The war of 1812 was sometimes called “Madison’s war” by those who opposed the President’s call for military action against Great Britain. A whole slew of grievances was building up between the two countries, especially with Britain’s bullying behavior in the seas. But it was also clear that Pres. Madison was itching for war, and that he led us into a war that could have been avoided. That was certainly the opinion of Henry Adams, when writing a history of the United States about a century later:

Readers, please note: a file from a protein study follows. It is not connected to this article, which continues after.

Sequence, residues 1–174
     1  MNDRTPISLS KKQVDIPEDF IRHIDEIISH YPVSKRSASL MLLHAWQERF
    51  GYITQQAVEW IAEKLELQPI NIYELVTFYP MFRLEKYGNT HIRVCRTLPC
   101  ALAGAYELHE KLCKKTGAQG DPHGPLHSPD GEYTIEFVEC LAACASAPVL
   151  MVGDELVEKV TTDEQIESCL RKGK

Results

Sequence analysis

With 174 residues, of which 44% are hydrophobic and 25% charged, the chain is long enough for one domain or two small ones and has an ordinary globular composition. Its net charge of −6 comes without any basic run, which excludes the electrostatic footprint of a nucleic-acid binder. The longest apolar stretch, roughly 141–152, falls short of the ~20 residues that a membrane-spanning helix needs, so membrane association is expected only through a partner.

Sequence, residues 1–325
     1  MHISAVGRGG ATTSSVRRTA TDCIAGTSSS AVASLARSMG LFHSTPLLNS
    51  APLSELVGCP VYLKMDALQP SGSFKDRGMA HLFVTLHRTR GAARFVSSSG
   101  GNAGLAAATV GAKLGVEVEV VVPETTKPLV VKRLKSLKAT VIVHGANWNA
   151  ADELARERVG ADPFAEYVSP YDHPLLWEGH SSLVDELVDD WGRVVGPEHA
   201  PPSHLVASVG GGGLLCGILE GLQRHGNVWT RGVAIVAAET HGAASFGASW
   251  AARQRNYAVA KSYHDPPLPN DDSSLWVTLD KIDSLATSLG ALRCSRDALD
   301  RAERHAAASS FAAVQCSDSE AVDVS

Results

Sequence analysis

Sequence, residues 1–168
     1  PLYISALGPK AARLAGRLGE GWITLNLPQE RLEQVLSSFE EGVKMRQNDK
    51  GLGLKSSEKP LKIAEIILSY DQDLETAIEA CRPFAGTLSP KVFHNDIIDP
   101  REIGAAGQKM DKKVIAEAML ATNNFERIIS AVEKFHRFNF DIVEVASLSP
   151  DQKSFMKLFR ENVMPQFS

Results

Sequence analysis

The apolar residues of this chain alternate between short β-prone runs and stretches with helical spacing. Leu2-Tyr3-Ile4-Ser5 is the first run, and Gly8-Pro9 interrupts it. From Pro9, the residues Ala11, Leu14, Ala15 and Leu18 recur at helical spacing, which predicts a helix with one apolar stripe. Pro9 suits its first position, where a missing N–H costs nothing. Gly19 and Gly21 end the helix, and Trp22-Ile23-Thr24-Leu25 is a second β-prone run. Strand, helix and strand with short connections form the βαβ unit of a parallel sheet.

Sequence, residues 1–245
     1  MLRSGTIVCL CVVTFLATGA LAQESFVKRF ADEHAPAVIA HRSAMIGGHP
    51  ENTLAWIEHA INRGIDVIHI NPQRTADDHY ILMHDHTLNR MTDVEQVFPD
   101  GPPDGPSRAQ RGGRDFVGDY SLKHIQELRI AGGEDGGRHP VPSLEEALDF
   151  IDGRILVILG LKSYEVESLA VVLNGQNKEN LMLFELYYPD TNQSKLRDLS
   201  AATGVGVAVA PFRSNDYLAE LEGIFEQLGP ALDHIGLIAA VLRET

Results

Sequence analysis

Many nations have gone to war in pure gaiety of heart, but perhaps the United States were first to force themselves into a war they dreaded, in the hope that the war itself might create the spirit they lacked.